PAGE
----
Reverse marketing refers to the idea of prompting potential customers to seek out a brand or business on their own, as opposed to businesses advertising their products or services to targeted consumer groups. Generally, reverse marketing campaigns look quite like traditional ad campaigns, making use of television commercials, and print and online ads to convey their message. The difference with reverse marketing lies in the focus on motivating customers to contact businesses that will sell the product or service to them, rather than locating and actively targeting a specific subset or type of customer.
Reverse marketing offers benefits to traditional marketers who are reaching out to consumers, but it is also very useful in business-to-business (B2B) marketing. In this type of strategy, reverse marketing prompts a business to make initial contact with a supplier or manufacturer regarding its product or service needs. Reverse marketing also helps businesses manage their supply chain by reducing repetition and lowering associated costs.
Essentially, there are two different applications for targeted reverse marketing campaigns – those targeted at consumers and those targeted at suppliers or manufacturers. Campaigns that target consumers employ reverse marketing strategies to motivate consumers to seek them out. One example of a company successfully using this approach is Dove. The brand’s “Campaign for Real Beauty” debuted in 2004 and centered on celebrating women’s natural beauty, as opposed to specifically advertising Dove’s product line. Since the campaign’s initial success, Dove has reinvented its brand based on this approach. Another famous reverse marketing campaign is Patagonia’s “Don’t buy this Jacket” advertisement on Cyber Monday in 2011. The don’t buy this jacket campaign was part of a larger strategy to get consumers thinking twice before making a purchase which positioned the company as more concerned about the environment and sustainability. This reverse marketing tactic had a huge impact on their targeted audience which enjoyed the outdoors and was concerned about the health of the global environment.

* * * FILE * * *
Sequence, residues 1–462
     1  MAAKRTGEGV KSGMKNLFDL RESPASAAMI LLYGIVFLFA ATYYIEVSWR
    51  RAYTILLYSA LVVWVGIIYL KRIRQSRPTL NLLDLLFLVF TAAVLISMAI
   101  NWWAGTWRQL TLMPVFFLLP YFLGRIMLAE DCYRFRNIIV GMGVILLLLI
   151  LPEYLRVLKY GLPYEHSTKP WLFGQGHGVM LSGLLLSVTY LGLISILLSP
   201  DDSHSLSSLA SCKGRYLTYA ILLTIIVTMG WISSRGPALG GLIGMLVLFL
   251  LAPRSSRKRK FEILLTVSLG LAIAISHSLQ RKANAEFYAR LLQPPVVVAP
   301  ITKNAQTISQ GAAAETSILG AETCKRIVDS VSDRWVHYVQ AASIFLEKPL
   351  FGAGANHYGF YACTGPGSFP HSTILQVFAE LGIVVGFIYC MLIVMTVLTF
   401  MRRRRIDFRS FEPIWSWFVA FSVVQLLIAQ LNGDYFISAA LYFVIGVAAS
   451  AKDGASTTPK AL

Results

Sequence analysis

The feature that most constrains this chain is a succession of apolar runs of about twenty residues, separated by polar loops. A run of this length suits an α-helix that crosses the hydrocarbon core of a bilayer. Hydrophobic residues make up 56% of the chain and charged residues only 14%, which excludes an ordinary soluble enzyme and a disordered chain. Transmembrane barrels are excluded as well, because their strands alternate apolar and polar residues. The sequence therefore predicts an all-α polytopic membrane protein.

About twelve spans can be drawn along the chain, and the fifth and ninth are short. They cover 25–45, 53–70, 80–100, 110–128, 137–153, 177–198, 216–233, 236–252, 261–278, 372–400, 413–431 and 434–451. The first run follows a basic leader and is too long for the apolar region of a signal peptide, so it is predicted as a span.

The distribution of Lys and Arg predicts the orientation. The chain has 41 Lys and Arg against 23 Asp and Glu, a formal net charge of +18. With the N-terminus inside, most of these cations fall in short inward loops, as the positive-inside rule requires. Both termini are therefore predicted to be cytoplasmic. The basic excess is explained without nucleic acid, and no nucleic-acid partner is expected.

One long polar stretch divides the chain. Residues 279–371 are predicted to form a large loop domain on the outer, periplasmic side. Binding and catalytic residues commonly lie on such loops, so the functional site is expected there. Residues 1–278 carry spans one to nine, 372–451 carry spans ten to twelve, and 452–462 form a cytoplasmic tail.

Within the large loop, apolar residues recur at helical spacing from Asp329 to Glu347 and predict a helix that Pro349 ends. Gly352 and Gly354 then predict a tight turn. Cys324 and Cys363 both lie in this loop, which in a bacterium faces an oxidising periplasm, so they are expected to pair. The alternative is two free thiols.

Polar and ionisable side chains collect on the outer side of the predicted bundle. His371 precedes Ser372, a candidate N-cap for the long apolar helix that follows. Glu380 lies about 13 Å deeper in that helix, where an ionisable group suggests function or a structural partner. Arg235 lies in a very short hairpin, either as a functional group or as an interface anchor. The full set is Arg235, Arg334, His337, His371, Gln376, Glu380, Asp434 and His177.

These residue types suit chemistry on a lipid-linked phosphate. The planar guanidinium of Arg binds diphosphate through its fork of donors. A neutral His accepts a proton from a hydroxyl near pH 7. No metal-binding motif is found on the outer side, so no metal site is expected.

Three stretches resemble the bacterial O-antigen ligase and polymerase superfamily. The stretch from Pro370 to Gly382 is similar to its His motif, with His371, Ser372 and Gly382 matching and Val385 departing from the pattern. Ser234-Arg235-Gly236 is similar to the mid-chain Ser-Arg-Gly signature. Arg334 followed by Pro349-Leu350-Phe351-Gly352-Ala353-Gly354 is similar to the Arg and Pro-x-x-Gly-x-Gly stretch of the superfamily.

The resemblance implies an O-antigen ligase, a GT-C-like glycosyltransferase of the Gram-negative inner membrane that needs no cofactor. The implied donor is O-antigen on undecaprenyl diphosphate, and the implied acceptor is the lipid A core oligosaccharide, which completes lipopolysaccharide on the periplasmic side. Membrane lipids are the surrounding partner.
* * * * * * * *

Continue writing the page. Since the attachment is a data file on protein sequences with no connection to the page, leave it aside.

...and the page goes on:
Progressive insurance proudly promotes the prices of their competitors when quoting insurance services clearly stating they might not be the cheapest but they are the best option for the consumer.
Reverse marketing campaigns that target manufacturers or suppliers, on the other hand, focus on encouraging suppliers to lower costs to motivate distributors to purchase from them. WalMart is a high-profile example of a business that aggressively reaches out to suppliers that offer specific products at cheaper prices than their competitors.
Creating a reverse marketing strategy or plan starts with understanding how your brand is perceived by your target audience as well as their values. In the case of Progressive Insurance, they knew their customers were skeptical and didn’t trust large insurance companies. While many marketers and business executives would shy away from sharing information about the pricing of other insurance companies, especially if those companies were cheaper, it helped Progressive establish trust and credibility.